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Comparative proximate body composition of Atlantic salmon with emphasis on parr from fluvial and lacustrine habitats

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The nutritional status of Atlantic salmon Salmo salar parr was assessed by examining how proximate body composition and energy content (kJ g−1) were associated with the habitat rearing origin of parr utilizing fluvial or lacustrine areas. Comparisons were made among sampling sites within the two habitats, as well as between the two major habitat types applying both fixed effect and random effect models. Mean protein concentration varied from 13·87 to 15·67% among fluvial sites, and from 14·96 to 16·38% among lacustrine sampling locations. Mean fat concentration ranged from 1·71 to 3·32% and from 2·22 to 4·29% among fluvial and lacustrine locations, respectively, with energy concentration, on average, c. 11% higher in lacustrine parr. Interpretation of results of comparisons between habitats was dependent upon the statistical model used. Benefits associated with lacustrine rearing, such as greater body size and nutritional status, have implications for overwintering survival in fresh water as well as subsequent survival during initial sea entrance as smolts.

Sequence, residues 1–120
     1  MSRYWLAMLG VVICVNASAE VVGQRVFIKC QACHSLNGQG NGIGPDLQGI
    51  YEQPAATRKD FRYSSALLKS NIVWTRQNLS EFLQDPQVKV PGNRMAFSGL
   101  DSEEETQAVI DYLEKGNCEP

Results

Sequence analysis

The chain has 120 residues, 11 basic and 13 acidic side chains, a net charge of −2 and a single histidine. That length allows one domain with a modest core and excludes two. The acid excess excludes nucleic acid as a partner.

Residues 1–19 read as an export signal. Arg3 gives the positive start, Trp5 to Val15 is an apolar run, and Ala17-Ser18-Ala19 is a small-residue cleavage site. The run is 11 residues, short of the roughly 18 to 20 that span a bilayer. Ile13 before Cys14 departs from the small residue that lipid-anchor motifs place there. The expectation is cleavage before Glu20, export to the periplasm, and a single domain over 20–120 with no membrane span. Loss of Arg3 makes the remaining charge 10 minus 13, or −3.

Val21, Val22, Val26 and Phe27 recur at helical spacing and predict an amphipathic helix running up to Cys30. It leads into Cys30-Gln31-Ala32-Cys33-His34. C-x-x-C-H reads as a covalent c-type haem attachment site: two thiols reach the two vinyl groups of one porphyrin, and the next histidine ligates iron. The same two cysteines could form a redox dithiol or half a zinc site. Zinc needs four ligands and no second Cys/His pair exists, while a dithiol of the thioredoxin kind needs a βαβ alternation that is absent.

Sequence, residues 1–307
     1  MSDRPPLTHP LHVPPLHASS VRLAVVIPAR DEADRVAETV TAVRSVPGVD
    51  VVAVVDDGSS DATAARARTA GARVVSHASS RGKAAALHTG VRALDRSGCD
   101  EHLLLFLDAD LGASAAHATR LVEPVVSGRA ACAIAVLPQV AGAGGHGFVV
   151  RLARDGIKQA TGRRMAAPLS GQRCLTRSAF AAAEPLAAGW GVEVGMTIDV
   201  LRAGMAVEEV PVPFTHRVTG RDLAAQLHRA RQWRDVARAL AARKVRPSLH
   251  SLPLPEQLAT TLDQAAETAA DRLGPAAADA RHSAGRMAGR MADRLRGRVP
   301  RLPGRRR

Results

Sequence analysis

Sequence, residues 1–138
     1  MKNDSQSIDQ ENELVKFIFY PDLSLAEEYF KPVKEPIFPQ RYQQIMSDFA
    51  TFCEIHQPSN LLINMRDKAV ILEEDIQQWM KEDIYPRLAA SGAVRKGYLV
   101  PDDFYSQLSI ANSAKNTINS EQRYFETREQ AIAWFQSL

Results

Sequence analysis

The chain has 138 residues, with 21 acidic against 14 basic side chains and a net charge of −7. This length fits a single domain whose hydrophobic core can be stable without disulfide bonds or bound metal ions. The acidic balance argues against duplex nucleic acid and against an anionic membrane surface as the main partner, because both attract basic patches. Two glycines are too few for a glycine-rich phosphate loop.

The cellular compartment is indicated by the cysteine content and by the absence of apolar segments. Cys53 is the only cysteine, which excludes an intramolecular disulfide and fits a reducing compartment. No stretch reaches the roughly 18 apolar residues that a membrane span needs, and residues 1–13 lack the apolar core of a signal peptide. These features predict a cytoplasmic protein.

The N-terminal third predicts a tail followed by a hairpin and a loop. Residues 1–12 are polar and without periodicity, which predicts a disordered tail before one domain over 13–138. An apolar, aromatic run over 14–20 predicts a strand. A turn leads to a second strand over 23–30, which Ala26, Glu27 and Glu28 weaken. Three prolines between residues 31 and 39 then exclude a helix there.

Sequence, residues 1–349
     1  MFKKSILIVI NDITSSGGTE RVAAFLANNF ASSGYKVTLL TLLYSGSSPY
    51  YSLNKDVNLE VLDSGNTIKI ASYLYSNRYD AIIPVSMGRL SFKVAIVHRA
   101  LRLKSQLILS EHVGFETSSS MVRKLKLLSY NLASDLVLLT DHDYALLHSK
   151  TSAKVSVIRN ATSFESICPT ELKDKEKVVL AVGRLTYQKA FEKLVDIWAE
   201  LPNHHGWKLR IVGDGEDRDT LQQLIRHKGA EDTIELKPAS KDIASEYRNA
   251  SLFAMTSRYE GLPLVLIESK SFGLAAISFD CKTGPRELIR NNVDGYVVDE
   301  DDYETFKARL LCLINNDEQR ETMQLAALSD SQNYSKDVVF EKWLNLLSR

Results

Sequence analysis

Keywords: body composition; habitat; lipids; parr; protein; statistical inference

Document Type: Regular Paper


Affiliations: 1: Fisheries and Oceans Canada, Science, Oceans and Environment Branch, P. O. Box 5667, St John’s, Newfoundland and Labrador, A1C 5X1, Canada and 2: Department of Statistics and Actuarial Science, Simon Fraser University, Burnaby, British Columbia, V5A 1S6, Canada

Publication date: 2004-05-01

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